Sheriff’s Lieutenant Abruptly Retires After Detectives Brag About Beating

A series of incidents early this month has resulted in a sheriff’s lieutenant electing to take what appears to be premature retirement.
The precise reason why lieutenant Linzy Savage has decided to make his exodus from the department has not been given, though sources say it is in some fashion related to the still unfolding events that occurred at the Victorville sheriff’s station on May 8.
On that day, in response to a request from KNBC News in Los Angeles, a sheriff’s officer sent to the television station a video taken in the detective squad room in the Victorville station. That video was taken on a smart phone by a member of the department and was intended to provide KNBC with information relating to a missing person case.
Upon receiving the video, news station personnel, in listening to the audio on the video, overheard a conversation among what is believed to be three detectives working out of the station. Inadvertently, the phone’s owner had recorded portions of an ongoing exchange between the detectives in which one could be heard talking about how he had, by his own description, “stomped” on a suspect’s head and used a baton to beat the suspect. This elicited laughs from the others involved in the conversation.
KNBC made a re-recording of the video and subsequently contacted the sheriff’s department to inform officials there of what could be extracted from video’s audio. It is further reported that a copy of the video and its accompanying audio track is in the possession of the FBI.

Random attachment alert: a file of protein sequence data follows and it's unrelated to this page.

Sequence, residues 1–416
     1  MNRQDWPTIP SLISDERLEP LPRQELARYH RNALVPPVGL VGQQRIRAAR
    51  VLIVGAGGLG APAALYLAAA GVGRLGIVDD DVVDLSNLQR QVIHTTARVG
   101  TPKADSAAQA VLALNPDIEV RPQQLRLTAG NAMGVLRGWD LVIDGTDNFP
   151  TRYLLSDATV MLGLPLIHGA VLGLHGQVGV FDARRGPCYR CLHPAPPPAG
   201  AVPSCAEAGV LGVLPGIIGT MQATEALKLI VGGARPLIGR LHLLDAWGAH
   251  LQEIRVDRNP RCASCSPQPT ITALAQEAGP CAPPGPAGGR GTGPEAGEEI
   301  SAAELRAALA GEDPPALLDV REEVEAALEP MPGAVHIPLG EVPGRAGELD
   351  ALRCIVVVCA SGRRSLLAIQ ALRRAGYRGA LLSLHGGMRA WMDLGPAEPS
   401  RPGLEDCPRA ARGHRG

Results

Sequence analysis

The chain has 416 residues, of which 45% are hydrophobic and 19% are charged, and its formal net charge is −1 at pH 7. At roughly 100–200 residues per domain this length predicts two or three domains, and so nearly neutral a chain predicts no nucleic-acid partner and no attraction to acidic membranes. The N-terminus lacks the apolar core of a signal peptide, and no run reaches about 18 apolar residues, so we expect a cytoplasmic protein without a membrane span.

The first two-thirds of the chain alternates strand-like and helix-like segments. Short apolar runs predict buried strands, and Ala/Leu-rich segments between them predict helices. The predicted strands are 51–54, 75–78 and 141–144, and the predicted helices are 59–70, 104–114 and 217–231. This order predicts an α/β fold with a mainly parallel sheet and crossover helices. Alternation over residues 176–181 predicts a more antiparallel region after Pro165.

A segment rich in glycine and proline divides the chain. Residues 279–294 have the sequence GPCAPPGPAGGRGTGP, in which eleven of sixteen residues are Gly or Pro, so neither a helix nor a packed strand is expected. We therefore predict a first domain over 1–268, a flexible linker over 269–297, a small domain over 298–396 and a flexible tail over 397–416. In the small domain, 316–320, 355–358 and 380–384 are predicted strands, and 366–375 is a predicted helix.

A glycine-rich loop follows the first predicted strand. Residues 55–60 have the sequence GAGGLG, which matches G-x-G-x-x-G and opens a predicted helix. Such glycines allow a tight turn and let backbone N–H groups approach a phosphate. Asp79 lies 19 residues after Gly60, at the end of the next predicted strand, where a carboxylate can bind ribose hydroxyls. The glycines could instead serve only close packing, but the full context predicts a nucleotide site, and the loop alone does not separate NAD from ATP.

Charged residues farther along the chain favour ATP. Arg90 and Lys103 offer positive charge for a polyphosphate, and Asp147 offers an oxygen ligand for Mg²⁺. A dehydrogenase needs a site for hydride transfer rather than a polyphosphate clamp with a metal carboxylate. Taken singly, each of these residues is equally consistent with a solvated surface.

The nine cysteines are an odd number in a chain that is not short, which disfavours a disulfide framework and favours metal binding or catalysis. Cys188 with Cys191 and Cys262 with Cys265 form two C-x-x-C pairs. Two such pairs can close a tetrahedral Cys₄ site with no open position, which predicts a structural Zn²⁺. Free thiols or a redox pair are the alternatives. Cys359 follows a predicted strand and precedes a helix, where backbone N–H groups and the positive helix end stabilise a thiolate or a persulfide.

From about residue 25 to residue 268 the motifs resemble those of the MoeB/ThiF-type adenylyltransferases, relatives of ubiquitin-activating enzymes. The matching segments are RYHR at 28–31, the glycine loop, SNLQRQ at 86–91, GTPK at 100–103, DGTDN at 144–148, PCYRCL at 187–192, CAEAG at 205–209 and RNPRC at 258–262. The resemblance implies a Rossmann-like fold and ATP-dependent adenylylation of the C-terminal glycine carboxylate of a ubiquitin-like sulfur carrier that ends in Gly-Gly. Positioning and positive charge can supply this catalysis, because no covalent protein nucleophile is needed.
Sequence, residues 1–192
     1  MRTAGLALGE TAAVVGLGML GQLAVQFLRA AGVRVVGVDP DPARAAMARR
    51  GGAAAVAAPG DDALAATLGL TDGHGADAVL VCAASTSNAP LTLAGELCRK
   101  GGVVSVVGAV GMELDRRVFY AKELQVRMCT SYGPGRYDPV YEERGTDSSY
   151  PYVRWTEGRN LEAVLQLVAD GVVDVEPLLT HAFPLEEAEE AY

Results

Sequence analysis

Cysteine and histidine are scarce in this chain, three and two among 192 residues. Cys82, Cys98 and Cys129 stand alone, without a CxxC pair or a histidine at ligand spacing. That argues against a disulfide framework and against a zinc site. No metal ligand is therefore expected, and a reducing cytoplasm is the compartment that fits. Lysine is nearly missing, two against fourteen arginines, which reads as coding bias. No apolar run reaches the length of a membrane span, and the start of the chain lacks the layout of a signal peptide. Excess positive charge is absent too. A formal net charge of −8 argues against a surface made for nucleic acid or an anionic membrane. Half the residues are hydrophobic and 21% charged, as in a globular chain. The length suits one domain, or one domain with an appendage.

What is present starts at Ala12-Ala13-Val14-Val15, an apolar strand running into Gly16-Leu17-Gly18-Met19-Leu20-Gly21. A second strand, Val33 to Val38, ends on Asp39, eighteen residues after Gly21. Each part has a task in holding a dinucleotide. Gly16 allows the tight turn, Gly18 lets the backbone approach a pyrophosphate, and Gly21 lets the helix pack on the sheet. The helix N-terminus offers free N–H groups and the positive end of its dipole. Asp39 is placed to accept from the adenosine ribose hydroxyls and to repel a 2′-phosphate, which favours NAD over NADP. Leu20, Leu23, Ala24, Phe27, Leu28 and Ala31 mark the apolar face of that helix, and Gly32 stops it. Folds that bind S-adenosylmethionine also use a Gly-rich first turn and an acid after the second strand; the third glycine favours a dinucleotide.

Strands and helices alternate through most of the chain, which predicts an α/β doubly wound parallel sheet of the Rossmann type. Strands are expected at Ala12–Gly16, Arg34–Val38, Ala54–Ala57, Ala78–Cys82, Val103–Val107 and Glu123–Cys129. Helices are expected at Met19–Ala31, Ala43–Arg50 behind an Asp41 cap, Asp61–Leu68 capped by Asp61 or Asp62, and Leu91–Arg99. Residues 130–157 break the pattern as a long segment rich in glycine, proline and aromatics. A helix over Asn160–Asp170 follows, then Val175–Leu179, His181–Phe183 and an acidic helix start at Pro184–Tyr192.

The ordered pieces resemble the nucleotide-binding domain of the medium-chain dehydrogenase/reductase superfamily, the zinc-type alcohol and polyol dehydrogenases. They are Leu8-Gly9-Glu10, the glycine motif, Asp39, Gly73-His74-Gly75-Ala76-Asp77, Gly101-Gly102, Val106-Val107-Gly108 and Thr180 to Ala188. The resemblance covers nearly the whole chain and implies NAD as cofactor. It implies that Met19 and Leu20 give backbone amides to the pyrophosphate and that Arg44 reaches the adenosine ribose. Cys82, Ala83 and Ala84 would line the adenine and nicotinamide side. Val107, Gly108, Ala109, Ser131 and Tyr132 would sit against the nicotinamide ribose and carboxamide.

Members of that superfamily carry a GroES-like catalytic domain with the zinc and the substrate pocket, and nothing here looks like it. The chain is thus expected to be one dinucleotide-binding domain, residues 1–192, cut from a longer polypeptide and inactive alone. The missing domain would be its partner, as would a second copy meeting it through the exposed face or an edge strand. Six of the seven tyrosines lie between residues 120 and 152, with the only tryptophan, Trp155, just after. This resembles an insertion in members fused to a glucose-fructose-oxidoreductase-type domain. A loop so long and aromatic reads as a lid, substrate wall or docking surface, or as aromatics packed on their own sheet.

Word now comes that lieutenant Savage, who was in the command loop at the Victorville Station, has tendered his retirement from the department, effective as of tomorrow, May 28. A report was that an effort to keep Savage from leaving was made, including offering him a promotion to captain to replace a captain, Sam Lucia, who is set to retire soon. Savage’s replacement of Lucia was said to have sheriff John McMahon’s support. Nevertheless, Savage declined that offer.
One report is that Savage had knowledge of the beating referenced in the conversation on the video now in KNBC’s possession and he does not want to be caught between the expectations of the department to keep a lid on the incident and the FBI’s inquiry. Knowingly lying to an FBI agent is a federal crime.
The department has given no official response to the report but the retirement board agenda for June 1 shows Savage is retiring. Savage could not be reached for comment.

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